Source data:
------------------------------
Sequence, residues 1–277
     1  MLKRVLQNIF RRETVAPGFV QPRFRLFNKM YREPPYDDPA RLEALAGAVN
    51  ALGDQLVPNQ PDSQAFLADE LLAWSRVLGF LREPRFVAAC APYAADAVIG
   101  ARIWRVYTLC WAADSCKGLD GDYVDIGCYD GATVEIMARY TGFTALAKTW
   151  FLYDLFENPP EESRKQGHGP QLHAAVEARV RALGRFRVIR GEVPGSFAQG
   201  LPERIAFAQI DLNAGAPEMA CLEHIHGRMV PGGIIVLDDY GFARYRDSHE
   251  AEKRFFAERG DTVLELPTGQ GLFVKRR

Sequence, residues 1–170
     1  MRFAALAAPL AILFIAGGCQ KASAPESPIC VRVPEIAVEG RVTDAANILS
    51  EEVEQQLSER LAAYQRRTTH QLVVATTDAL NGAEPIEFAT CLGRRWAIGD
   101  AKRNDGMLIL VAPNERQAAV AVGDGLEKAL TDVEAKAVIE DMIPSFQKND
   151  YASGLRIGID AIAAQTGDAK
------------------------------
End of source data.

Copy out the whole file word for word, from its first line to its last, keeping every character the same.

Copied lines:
Sequence, residues 1–277
     1  MLKRVLQNIF RRETVAPGFV QPRFRLFNKM YREPPYDDPA RLEALAGAVN
    51  ALGDQLVPNQ PDSQAFLADE LLAWSRVLGF LREPRFVAAC APYAADAVIG
   101  ARIWRVYTLC WAADSCKGLD GDYVDIGCYD GATVEIMARY TGFTALAKTW
   151  FLYDLFENPP EESRKQGHGP QLHAAVEARV RALGRFRVIR GEVPGSFAQG
   201  LPERIAFAQI DLNAGAPEMA CLEHIHGRMV PGGIIVLDDY GFARYRDSHE
   251  AEKRFFAERG DTVLELPTGQ GLFVKRR

Sequence, residues 1–170
     1  MRFAALAAPL AILFIAGGCQ KASAPESPIC VRVPEIAVEG RVTDAANILS
    51  EEVEQQLSER LAAYQRRTTH QLVVATTDAL NGAEPIEFAT CLGRRWAIGD
   101  AKRNDGMLIL VAPNERQAAV AVGDGLEKAL TDVEAKAVIE DMIPSFQKND
   151  YASGLRIGID AIAAQTGDAK